These days, we’re all spending much more time at home than usual. I know my normal routine of reviewing new movie releases has been severely impacted by movie theaters closing nationwide, and most films slated for spring release being postponed until later in the year. But that means there’s no better time to check out what’s new to streaming. I’ve reviewed some of March’s new streaming releases below—check them out, and be sure to share what you’ve been watching during this strange time.
Thanks as always for reading, and be safe and be well.
“STARGIRL” (Disney Plus)
Based on the popular young adult novel by Jerry Spinelli, this teen movie directed by Julia Hart is all about embracing your true identity—unfortunately, the film itself doesn’t do enough to distinguish it from all the other films that tout the same message and center around a young man who is suddenly taken with a quirky new girl. High schooler Leo Borlock (Graham Verchere) started suppressing some of his interests when he was bullied for him in order to fit in. But when a new girl—who calls herself Stargirl (Grace VanderWaal)—shows up one day wearing colorful clothes and strumming a ukulele, Leo becomes fascinated with her, and she starts trying to get him to come out of his shell. VanderWaal already has an impressive music career, but she really shines here in her first film role. Her talents are perfect for the character, and the music throughout the film—including the big, almost movie musical style numbers—is joyous. Some changes from the book to the movie, however, are not beneficial to the story. It’s baffling that a student body that was so immediately accepting of this quirky girl suddenly shuns her for doing a nice thing. And while the ending doesn’t need to be exactly neat, it feels like a lot is left unresolved. The characters are interesting and the message is sincere, but so much of the plot is indistinguishable from other teen movies. Instead of daring to be different, “Stargirl” is just another one of the crowd. Also featuring Giancarlo Esposito as Leo’s mentor, Archie. Runtime: 107 minutes. Rated PG. 2 out of 5 stars.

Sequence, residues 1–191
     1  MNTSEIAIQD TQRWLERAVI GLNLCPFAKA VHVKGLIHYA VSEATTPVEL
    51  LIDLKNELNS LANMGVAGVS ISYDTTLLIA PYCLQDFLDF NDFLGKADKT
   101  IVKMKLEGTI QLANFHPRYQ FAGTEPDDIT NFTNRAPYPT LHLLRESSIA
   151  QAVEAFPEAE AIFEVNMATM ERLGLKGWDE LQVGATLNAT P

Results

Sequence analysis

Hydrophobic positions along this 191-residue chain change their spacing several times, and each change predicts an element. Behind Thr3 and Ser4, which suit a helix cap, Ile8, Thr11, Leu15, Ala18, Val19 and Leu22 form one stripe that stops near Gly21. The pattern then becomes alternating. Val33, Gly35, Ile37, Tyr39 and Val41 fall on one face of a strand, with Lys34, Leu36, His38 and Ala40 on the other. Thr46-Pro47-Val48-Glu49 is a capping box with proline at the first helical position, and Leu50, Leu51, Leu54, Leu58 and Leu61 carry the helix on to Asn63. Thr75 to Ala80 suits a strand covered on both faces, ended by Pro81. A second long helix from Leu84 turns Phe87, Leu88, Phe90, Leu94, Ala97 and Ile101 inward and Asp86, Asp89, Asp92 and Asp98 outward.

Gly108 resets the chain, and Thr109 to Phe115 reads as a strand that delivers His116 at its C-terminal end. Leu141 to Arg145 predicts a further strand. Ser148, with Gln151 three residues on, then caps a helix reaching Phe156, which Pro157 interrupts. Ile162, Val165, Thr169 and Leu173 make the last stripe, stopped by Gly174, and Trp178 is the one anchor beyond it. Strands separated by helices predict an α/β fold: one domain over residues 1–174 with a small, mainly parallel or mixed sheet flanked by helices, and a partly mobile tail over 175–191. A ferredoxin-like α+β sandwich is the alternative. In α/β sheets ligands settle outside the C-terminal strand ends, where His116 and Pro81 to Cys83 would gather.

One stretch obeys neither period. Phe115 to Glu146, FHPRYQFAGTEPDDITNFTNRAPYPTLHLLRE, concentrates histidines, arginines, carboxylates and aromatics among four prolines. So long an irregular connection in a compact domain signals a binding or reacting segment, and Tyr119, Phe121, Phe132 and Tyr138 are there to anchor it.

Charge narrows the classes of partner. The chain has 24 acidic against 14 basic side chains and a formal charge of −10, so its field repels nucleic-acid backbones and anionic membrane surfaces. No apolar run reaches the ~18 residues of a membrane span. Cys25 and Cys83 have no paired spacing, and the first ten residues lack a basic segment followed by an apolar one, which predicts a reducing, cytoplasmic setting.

“LOST GIRLS” (Netflix)
“Lost Girls” is a far from satisfying film—but I don’t think it’s supposed to be. Directed by Liz Garbus, the drama is based on the true story of the Long Island serial killer, who 10-16 murder victims, mostly prostitutes (and most of their remains recovered in the same general area between 2010 and 2011) have been attributed to. The film centers around Mari Gilbert (Amy Ryan), the mother of Shannon Gilbert, a young woman who went missing. As law enforcement officials downplay her case, Mari brings together the mothers and sisters of other young women who went missing, refusing to let their voices go unheard. Garbus is primarily a documentary filmmaker, and watching “Lost Girls,” you can’t help but wonder if this story would have made a more compelling documentary. To this day, there are no suspects in the case, and this movie doesn’t have the sort of satisfying conclusion you’d expect from a narrative feature; it hews much closer to reality in that respect. Ryan as Mari is perfect casting; her raw anger sets the tone for the film, which strives to show the struggles women face in being heard. The pacing isn’t always on point to make for as compelling viewing as most crime thrillers do, but “Lost Girls” is still very well worth a watch. Also starring Thomasin McKenzie and Oona Laurence as Mari’s other daughters Sherre and Sarra, Gabriel Byrne as police commissioner Richard Dormer, and Dean Winters, Lola Kirke, Miriam Shor, and Reed Birney. Runtime: 95 minutes. Rated R. 3.5 out of 5 stars.